Saturday, January 18, 2014

First updose and other developments

This week Big Monkey had his first updose of sorts. It was very nerve wrecking, but also a very exciting moment. I felt like it was the first moment when we would see if this process was working or not. Just three and a half weeks ago Big Monkey's body could barely tolerate the amount of peanut flour we were on. We spent a week battling minor hives before his body decided to tolerate that dose. So, of course, I was nervous about giving him even more. We approached this updose a little differently than I've heard about before by taking our normal dose and then adding a second dose later in the day. I have no idea how this changes things or makes it easier, but it was doc's orders, so it's the new schedule for awhile. The drawback is that each dose is followed by a two hour "calm period" as we call it where Big Monkey has to stay very calm. It's a challenge to keep an active little guy calm for that many hours out of our day! The good news though? So far Big Monkey is tolerating his new dose very well. So something is working!

Calm outdoor activities that the boys have come up with - brushing rocks
With all the time we need to spend calm we've been trying to focus on school again; however, Big Monkey has had very little interest in school and very little ability to pay attention. I believe everything going on has him distracted and is currently wearing him out. He's been more interested in coloring and building and re-building all his new lego sets, so that is what we have been doing.

Even Baby Monkey has his set of Legos (that we're trying to keep organized!)
However, when we did manage to accomplish a little schooling, we all learned a little. Big Monkey is slowly making progress on learning to read. He surprises me on what words he can sound out now that he has learned the basics. We're using the book "Teach Your Child to Read in 100 Easy Lessons" as recommended by a friend. What an amazing book that gives real results and is not hard! We love it and Big Monkey even writes me letters by sounding out words. Yes, they are often spelled terribly wrong, but phonetically, he is almost spot on in those letters.

I decided this week that Baby Monkey is ready for more formal schooling. Before the holidays I was allowing him to do more free form activities like building blocks, drawing on papers, and cutting with scissors. He was content with that back then. I was also focusing on basic recognition of numbers (1-5) and letters. He mastered number recognition up to 10 very quickly, but did not appear to be able to recognize more than 2-3 letters. That was fine. Then one day last week he was working on a giraffe puzzle that is put together by putting letters in order. I realized then that he can recognize most letters of the alphabet. He is also demanding "work" in his work boxes and he wants real work like his brother's, not blank papers and blocks. So I pulled out the letter of the week curriculum that Big Monkey used last year and let him start on that. So far, he's enjoying it. He will probably do this curriculum again next year unless he manages to master all the skills before summer.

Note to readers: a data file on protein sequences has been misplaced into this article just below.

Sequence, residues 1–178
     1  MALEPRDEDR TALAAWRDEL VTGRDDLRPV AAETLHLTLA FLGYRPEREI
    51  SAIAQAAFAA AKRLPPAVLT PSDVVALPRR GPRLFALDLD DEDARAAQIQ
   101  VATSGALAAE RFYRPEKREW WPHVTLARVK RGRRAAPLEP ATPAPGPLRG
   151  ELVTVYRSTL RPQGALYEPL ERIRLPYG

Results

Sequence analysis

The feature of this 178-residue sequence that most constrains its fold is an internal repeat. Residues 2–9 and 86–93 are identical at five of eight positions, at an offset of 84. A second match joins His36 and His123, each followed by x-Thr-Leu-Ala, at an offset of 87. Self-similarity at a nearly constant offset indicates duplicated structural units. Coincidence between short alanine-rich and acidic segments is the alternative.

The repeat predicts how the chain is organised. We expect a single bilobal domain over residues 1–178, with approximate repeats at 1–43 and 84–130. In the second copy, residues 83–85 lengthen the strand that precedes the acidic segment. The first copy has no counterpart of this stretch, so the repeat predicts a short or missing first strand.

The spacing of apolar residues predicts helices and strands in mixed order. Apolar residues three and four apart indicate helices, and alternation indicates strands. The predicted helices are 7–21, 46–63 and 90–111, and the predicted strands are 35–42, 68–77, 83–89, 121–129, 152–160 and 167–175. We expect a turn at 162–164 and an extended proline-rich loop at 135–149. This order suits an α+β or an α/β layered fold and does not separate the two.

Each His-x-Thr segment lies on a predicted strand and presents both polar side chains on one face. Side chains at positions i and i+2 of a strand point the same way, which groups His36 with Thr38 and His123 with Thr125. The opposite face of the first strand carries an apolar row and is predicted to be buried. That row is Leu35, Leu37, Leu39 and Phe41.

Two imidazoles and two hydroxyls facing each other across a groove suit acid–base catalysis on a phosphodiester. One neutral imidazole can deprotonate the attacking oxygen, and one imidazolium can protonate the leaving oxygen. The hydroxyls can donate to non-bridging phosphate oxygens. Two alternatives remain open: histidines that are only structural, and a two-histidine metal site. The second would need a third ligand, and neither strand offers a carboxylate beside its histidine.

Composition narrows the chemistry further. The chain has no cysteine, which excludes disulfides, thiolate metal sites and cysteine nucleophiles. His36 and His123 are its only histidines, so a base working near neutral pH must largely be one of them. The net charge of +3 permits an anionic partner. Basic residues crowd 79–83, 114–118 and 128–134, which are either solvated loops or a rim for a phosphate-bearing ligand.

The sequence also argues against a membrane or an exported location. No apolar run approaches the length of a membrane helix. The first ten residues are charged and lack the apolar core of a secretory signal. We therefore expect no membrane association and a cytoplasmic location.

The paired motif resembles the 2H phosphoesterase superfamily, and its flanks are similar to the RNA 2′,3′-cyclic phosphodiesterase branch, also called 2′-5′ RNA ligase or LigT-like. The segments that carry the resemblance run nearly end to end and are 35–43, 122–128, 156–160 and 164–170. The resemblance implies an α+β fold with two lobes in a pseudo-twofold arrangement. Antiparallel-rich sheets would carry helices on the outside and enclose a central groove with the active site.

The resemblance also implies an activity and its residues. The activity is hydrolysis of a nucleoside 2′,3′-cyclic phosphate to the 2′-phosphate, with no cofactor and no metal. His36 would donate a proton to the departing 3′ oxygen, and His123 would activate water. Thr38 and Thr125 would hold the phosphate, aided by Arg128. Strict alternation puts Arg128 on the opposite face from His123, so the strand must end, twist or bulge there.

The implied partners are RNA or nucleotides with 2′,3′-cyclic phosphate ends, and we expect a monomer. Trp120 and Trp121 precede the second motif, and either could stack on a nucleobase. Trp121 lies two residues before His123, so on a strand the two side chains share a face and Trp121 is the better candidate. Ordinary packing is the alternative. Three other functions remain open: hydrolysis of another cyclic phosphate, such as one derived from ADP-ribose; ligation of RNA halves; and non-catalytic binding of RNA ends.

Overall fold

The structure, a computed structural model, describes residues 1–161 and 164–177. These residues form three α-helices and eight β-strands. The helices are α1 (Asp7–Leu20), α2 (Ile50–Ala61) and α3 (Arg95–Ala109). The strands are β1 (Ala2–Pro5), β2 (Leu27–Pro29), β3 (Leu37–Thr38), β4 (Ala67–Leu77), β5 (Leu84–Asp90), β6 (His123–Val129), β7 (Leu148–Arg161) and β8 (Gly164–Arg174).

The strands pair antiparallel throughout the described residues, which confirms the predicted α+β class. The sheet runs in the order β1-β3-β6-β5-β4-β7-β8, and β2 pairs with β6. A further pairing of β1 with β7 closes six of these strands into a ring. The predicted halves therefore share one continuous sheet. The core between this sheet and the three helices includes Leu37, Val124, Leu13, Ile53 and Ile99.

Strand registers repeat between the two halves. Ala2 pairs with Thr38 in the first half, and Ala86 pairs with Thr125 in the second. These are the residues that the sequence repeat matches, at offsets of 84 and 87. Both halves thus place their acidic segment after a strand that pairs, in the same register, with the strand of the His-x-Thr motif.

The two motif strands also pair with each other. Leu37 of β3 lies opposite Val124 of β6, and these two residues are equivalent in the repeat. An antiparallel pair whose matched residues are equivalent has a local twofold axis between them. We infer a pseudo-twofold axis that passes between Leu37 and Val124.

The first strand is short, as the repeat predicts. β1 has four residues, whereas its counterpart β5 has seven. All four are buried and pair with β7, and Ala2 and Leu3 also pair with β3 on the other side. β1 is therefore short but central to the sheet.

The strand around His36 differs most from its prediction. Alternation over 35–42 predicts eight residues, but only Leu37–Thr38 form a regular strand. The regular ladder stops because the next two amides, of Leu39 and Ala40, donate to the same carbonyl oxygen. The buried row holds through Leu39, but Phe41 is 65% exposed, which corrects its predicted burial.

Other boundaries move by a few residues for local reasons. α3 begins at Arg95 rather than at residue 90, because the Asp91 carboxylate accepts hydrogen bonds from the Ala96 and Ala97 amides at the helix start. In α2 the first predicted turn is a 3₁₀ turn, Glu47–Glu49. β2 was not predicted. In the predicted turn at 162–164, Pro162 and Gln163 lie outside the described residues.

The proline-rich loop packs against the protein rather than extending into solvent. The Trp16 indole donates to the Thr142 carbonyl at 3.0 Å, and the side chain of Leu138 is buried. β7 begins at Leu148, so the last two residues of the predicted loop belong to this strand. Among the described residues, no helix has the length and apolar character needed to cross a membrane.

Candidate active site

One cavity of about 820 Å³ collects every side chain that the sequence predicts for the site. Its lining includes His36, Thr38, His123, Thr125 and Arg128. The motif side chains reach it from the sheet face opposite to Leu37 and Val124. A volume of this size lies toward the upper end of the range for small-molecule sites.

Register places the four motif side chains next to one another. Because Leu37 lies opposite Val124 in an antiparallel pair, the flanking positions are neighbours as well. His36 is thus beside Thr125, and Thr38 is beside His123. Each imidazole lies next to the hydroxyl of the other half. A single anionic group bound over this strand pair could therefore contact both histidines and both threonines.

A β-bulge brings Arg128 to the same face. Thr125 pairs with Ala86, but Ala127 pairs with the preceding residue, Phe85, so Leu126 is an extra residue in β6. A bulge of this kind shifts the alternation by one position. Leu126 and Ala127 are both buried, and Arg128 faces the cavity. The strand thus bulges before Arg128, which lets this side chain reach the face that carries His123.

Baby Monkey also showed me that he can almost write his name! I wrote it for him and he "copied" my letters. Others may not be able to read it, but I see the similarities to the letters (oops! I took a cute photo of this one, but realized it would then show Baby Monkey's name, which is something I will not post publicly on my site).

His coloring also improved 100% overnight. He went from scribbles to this very orderly, color along the lines first and then fill in the insides method. It's quite interesting to watch.

Coloring by outlining first
This past year Big Monkey was diagnosed with a red-green color deficiency (a form of color blindness). I knew I was a carrier, so I had him tested. Basically, Big Monkey can see most colors; however, there are certain shades of green and red that he does not see as green and red. Any color made up of those particular shades of green and red will also look different to him. For example, if a purple color is made from a wavelength (shade) of red that Big Monkey cannot see, then he only sees the blue shade and thinks the color is blue not purple. We had a good chuckle this week when Big Monkey was coloring an apple tree and he looked at me and said, "did I color this green?" I told him no, that it was brown. He laughed and said, "ahh, I thought it was green. Oh well." Needless to say, I help him find the green crayons often.

Big Monkey's "green" apple tree
Hopefully not much will change for a few weeks. I'm hoping no excitement and thus nothing much to post about. Until next time stay warm, stay well, and stay happy friends! 

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